Harmonia can operate in monophonic or polyphonic mode with up to 16 voices and, of course, you can balance the volume and pan settings of the two oscillators. There’s also a lot more sound shaping available, much of it a little more conventional than the harmonics stuff. Here, you get a multimode filter, amp and filter envelope sections and a master limiter.

There’s an impressive effects section featuring distortion, modulated delays, echo and reverb, each with their own controls and effect types for you to choose from. These are navigated and operated using a simple tab system and add plenty to the overall depth of the sounds, with a liberal dollop of echo and distortion for example livening up almost any patch. Performance controls including bend depth and note glide further add to the expressive options available to you.

Cherry Audio Harmonia waveforms
Cherry Audio Harmonia waveforms. Image: Cherry Audio

It won’t be a huge surprise to learn that an instrument called Harmonia is geared largely towards generating harmonic variations. The powerful tuning options – eight per oscillator, multiple waveforms and multiple harmonic presets – mean you can create all manner of multi-tuned patches, blending and morphing them to create truly organic results and rich sounds.

The ability to play and change these in real-time also makes it quite special, fun, creative and reactive to your input. Of course, you might also find some of the time you’re actually detuning things – any instrument that lets you mess with tuning this much can also sound discordant if you want it to.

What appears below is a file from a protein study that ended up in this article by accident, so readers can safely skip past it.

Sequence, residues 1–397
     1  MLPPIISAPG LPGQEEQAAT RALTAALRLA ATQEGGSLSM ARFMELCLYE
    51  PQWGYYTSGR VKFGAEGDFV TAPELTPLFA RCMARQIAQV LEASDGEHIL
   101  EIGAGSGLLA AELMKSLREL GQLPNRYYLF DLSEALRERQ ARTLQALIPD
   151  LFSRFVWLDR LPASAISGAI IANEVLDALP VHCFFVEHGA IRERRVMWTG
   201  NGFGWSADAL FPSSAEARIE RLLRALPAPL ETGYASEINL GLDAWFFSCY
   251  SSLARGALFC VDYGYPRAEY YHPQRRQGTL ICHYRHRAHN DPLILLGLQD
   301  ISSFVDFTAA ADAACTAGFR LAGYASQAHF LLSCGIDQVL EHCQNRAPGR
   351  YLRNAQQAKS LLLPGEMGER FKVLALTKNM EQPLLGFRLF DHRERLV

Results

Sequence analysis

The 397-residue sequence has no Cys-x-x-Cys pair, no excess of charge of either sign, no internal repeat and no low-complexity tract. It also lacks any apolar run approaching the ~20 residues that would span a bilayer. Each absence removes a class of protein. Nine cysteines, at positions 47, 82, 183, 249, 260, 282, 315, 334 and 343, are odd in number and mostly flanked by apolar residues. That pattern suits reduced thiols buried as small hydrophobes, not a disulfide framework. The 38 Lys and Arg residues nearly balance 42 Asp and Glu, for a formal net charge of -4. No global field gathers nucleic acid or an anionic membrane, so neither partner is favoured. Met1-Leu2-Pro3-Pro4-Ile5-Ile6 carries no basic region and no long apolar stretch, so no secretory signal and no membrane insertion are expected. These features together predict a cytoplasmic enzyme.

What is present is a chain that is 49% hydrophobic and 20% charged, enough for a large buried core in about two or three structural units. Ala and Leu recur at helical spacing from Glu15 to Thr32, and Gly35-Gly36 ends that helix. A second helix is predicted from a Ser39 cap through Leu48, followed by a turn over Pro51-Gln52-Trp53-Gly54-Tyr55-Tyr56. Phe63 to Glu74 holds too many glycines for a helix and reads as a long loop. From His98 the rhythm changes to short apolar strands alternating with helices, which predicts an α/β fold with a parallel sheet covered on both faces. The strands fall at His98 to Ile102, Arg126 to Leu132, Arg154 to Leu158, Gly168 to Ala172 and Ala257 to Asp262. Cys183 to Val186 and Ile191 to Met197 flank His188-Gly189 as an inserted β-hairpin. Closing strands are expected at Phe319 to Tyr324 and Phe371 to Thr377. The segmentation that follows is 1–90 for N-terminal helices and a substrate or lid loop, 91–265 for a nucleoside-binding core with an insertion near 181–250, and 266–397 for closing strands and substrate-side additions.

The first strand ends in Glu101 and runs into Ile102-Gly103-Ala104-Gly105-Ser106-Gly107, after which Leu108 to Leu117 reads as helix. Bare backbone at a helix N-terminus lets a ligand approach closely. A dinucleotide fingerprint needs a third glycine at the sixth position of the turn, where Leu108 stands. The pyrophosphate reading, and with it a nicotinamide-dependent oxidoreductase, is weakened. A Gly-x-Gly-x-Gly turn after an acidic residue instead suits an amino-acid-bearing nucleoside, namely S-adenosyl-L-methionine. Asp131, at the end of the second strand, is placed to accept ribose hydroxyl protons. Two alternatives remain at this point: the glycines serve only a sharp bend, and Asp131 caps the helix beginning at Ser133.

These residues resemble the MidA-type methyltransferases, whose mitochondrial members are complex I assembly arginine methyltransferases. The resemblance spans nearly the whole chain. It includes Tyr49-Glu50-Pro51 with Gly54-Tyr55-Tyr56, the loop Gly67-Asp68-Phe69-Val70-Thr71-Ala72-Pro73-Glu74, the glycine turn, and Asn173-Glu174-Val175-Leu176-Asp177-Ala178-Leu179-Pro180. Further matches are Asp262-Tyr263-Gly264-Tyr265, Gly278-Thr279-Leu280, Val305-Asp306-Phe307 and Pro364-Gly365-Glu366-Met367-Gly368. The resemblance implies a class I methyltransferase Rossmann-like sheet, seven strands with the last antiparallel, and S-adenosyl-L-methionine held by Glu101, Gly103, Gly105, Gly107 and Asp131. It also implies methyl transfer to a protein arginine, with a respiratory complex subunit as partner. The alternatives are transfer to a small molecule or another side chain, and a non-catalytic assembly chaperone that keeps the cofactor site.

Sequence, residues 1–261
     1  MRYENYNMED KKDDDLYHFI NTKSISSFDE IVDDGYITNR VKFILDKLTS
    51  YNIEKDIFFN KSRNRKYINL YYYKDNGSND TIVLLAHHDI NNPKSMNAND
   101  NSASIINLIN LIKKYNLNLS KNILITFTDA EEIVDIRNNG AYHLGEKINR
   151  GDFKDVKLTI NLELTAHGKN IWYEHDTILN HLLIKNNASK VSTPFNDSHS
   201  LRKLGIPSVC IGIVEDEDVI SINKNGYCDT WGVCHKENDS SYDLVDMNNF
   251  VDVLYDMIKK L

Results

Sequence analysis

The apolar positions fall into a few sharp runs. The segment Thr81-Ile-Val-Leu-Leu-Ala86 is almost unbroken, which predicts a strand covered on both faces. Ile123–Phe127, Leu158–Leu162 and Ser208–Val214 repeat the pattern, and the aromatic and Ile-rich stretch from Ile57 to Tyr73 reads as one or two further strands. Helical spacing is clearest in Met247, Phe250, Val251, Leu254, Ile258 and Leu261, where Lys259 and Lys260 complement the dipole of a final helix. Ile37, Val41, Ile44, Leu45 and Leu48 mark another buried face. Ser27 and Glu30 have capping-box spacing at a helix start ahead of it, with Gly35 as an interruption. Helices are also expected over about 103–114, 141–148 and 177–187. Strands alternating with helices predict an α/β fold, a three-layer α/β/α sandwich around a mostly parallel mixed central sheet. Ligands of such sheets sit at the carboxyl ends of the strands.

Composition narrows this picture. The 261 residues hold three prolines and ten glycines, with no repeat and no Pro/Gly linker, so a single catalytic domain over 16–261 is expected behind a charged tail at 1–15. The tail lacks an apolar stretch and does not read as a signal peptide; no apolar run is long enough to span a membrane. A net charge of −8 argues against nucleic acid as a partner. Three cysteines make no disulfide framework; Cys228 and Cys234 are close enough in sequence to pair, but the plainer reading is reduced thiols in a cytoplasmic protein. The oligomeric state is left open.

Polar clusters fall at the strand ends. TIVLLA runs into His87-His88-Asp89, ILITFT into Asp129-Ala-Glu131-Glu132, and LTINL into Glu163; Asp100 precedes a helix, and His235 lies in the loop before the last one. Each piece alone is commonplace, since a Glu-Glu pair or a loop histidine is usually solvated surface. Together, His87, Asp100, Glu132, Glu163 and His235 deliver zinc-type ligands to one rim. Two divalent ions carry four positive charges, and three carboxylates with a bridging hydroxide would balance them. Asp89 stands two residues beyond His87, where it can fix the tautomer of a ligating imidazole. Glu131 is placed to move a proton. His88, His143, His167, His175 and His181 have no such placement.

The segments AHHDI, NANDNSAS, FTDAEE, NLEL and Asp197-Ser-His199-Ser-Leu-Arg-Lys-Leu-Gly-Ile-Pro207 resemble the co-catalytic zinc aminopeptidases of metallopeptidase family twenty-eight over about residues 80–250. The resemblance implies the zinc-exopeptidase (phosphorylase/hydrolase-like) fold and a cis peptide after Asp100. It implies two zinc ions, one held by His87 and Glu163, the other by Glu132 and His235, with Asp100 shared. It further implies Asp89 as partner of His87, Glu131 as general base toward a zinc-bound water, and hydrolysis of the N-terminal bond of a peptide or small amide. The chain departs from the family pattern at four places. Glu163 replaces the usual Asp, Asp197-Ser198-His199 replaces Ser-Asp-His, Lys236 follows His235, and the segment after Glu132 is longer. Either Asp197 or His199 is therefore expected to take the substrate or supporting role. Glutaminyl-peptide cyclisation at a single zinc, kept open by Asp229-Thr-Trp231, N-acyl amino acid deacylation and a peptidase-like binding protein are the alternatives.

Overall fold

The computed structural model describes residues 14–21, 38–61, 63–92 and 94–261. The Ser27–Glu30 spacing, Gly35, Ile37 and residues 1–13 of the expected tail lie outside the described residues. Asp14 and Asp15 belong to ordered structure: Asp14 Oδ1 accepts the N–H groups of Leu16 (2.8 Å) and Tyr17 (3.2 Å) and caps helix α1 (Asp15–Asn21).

So there are plenty of interesting harmonic results to be had, but it’s the sequences that really elevate Harmonia beyond a very capable sound design tool to something that’s more widely useful across musical genres. Whether they’re quite simple, or fast and fiendish, the combination of LFO-triggered sequences and the multitude of pitches on offer together with the cool-sounding onboard effects provides excellent results. And of course, the dual oscillators mean you can combine differing playback styles within a single patch.

The selection of 350-plus presets should provide more than enough to get you up and running, but it’s in their modification, the tweaking of the different sections and even the importing of your own samples to use as the basis of sound generation that you’ll really get the most out of Harmonia. While it may initially present itself as a sound design machine, and a very good one at that, digging under the surface reveals more upbeat, animated possibilities. As ever with Cherry Audio, the price of admission is very reasonable and there’s a free demo version available, so you can check it out for yourself. You may be pleasantly surprised if you do.

Key features

  • Dual sample-based oscillators
  • 285 waveforms plus user import
  • Interpolated harmonic scanning
  • Mono or polyphonic, with up to 16 voices
  • Semitone or harmonic modes
  • Four tempo-syncable LFOs
  • Multimode filter and multiple effects
  • Expansive modulation matrix
  • Fully MIDI automatable
  • All plugin formats plus standalone
  • Price: $49 (street)
  • Contact:

Get the latest news, reviews and tutorials to your inbox.

Join Our Mailing List & Get Exclusive DealsSign Up Now

The world’s leading media brand at the intersection of music and technology.

© 2024 MusicTech is part of NME Networks.